Fidel.  The accounts of this isle since Castro became a banana czar are colored, too, by preconceptions, ideology, and lack of historic perspective.  In “Cuba Libre?” and  “Looking for History and Better Bread,” we provide snapshots that are no more than that.  Americans and Europeans, we would suggest, have a disconnect with Latin America and the Caribbean, which insulates the West from Cuba’s essence. The profound analyses that come out of our think tanks and semi-scholarly journals are deeply lightweight, no matter the packaging. And the regime there is so caught up in the rhetoric of sugared socialism that it, too, does not see its own Cuba very well. When the web of government is too thick, nobody but nobody sees things very clearly.

Jumping Backwards.  Probably one has to jump back a few decades to get a look at the Cuban soul.  Take a look, for instance, at Wilfredo Lam, the Cuban Picasso.  Of Chinese, and Congolese, and mulatto ancestry, he tells us of all the human strains that feed into the Cuban experience. He “sought to portray and revive the enduring Afro-Cuban spirit and culture. Inspired by and in contact with some of the most renowned artists of the twentieth century, Lam melded his influences and created a unique style, which was ultimately characterized by the prominence of hybrid figures.”  He wedded Africa and the West, the primitive with steely modern,  raw nature and urbanity, animistic Santeria religion and modern theory.  Neither poverty nor isolation nor a Stalinist state have abolished the DNA he portrayed.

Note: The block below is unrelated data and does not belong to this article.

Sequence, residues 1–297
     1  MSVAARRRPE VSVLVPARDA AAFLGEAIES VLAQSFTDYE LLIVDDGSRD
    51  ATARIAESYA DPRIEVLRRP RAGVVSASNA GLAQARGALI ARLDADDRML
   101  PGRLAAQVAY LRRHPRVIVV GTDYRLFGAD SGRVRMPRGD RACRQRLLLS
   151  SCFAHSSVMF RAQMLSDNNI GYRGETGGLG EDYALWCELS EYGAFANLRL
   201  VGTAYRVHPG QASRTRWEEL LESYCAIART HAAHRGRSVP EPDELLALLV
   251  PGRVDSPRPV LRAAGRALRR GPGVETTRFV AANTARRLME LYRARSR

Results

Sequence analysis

As well, one should look to Cuba’s great hero Jose Marti, a goad for the country’s independence in the 19th century.  “In his short life he was a poet, an essayist, a journalist, a revolutionary philosopher, a translator, a professor, a publisher, and a political theorist.”
“After his death, one of his poems from the book, "Versos Sencillos" (Simple Verses) was adapted to the song, "Guantanamera," which has become the definitive patriotic song of Cuba.”  Significantly we think he was able to combine political aspiration with a love for literature:  his quest for Latin American liberty did not dim his appreciation of literature and beauty.  He stood for a Cuba with more dimensions than that articulated by those who today banally picture it in writing or photographs.

Marti’s poetry even captures the balance he achieves between beauty and political statement.  Such is  “Cultivo Una Rosa Blanca”:

I cultivate a white rose
In July as in January
For the sincere friend
Who gives me his hand frankly
And for the cruel person who tears
out the heart with which I live,
I cultivate neither nettles not thorns:
I cultivate a white rose

Growing a society, in his eyes, is like growing a beautiful white rose.